And those prayers do not go unheeded. Amichai’s principal, Rabbi Yonasan Tessler, is so moved by the family’s commitment to Yair’s education that he offers to come in the morning and personally bring Yair to school. This, however, is only a temporary solution. At the same time, h appeals to Chinuch Atzmai’s Transportation Fund.

The Fund’s administration is deeply moved by Yair’s story. However, being that this request comes in the middle of the school year, they cannot easily change existing bus routes to include Yair’s stop. After much deliberation, they decid to allocate special funding for a taxi that will bring Yair to and from school each day until they are able to move things around and include Machmanim in the regular bus route.

Once again, the Transportation Fund shows us how the chinuch of just one child equals an entire world – and must be treated as such.

*Names have been changed

Which Takes Precedence – Torah or Money?

The protagonist of this story is an elementary school-aged boy from central Israel who completely revolutionized both his life and that of his entire family.

It all began in the summer of 5770, shortly before the beginning of the new school year. Sharona Betan*, mother of five-year-old Alon Betan*, was desperately seeking a suitable school for her young son. She had recently become shomer Torah umitzvos and was intent on sending her son to a talmud Torah; specifically, the Meshivat Nefesh school in Ganei Tikva. She had Rabbanim and chinuch experts in her corner. Her husband, however, was lagging behind in his commitment to Torah, and he stood firm in his objection to Sharona’s plans. His main argument was the vast physical distance between the school and the Betans’ home, which was significant. And there was no extra money available to pay for private transportation.

Sharona’s genuine desire to place her child in a proper Torah environment was not daunted by her husband’s refusal; however, she was unsure how to go about accomplishing her goal despite his desire to the contrary. In distress, she turned to Rabbi Yechiel Mondrowitz, the principal of Meshivat Nefesh, in the hopes of finding some sort of solution to her predicament.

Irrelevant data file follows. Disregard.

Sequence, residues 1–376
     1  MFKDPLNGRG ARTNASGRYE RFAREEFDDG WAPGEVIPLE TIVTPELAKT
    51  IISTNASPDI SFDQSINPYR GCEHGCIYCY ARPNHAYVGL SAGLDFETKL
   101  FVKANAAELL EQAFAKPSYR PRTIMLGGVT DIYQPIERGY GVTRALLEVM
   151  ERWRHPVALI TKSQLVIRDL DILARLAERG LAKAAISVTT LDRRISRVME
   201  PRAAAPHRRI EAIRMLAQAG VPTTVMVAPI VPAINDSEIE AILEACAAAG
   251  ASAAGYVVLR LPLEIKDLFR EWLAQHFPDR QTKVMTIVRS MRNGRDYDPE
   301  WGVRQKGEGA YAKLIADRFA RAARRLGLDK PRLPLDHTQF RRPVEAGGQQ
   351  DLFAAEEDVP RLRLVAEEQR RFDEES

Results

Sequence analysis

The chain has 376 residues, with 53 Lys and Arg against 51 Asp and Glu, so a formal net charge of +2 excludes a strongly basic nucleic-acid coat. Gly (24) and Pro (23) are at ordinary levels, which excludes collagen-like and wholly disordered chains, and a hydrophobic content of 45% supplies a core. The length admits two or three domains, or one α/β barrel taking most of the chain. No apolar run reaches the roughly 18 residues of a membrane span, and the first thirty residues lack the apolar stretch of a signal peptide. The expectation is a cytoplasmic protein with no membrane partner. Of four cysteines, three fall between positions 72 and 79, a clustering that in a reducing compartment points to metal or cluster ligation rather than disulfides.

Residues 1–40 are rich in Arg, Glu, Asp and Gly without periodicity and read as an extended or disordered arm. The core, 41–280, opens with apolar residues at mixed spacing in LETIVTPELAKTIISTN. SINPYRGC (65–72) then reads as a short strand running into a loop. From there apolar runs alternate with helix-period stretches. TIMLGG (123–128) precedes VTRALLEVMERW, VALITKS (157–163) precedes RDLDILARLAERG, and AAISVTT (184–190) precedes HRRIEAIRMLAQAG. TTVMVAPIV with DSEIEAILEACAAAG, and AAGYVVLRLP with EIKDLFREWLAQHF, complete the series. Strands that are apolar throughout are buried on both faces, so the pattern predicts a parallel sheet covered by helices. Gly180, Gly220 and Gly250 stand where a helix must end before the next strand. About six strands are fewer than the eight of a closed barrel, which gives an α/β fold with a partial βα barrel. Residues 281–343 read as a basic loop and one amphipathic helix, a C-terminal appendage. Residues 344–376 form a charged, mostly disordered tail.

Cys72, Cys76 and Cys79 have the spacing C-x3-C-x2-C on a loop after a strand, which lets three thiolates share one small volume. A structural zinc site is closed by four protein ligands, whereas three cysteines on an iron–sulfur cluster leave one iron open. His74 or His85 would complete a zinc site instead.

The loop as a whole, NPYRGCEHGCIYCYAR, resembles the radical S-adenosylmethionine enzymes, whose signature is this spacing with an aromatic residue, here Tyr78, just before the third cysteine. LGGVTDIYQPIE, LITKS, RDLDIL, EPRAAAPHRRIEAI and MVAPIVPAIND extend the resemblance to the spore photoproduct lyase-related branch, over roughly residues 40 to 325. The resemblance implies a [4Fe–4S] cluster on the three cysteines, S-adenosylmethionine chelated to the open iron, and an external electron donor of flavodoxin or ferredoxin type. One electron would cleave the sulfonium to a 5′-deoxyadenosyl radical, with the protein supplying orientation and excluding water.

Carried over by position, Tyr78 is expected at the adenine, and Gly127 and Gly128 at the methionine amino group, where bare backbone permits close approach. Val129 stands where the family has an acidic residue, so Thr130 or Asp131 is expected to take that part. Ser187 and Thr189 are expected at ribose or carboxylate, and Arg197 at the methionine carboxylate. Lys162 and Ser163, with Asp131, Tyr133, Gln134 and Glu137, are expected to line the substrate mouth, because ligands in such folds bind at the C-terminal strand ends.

Rabbi Mondrowitz wanted to help, but the situation was even more dire than Sharona had anticipated. It turned out that the detour the school bus would have to make in order to pick up Alon from his home would entail a great deal of extra time and expense. It simply didn’t seem feasible.

It seemed like there was nothing to be done. Sharona was at a loss, the Rabbanim she’d consulted with wondered helplessly whether their efforts to send a young, Jewish neshamah to a talmud Torah would now fail simply due to a lack of funds.  

In one last effort, a fervent request was put forward by Rabbi Mondrowitz to Chinuch Atzmai’s Transportation Fund for assistance in figuring out a way to transport Alon from his home in Ramat Pinkas, on the outskirts of Or Yehuda, to the school in Ganei Tikva. Detailing the family’s difficult financial situation, Rabbi Mondrowitz was clear: Without assistance, there was simply no way for Alon to attend. “What takes precedence?” Rabbi Mondrowitz beseeched the committee. “Dinei nefashos, which pertain to the fragile Yiddishkeit of this family, or dinei mamonos, the expense involved? Isn’t it clear we must do everything in our power to build their Yiddishkeit and save their neshamos?”

Rabbi Mondrowitz made his point: Regardless of the great expense in transporting this single child from a remote location to the school, the Transportation Fund was ready to undertake the cost of financing daily transportation. Both Sharona and Alon were overjoyed. As for Alon’s father, with his main argument taken care of, he was left with no choice but to grudgingly acquiesce. On the first day of school, it was a tearful Sharona who accompanied her son with a silent prayer: “Thanks to the Transportation Fund, my son is attending a talmud Torah. May Hashem find me worthy of raising pious children…”

The years went by, and Alon’s younger brother and sisters attended religious schools as well. Their father’s stubbornness dissipated as he came to appreciate the wonderful education his children were receiving. Today he puts on Tefillin, devotes the Shabbos day to Torah study, and is an active partner in the spiritual progress of his children.

As for Sharona, this righteous woman recently approached us with a new request: “Will you lend us a helping hand with registering our children in yeshivas just as you helped us with the talmud Torah?”

*Names have been changed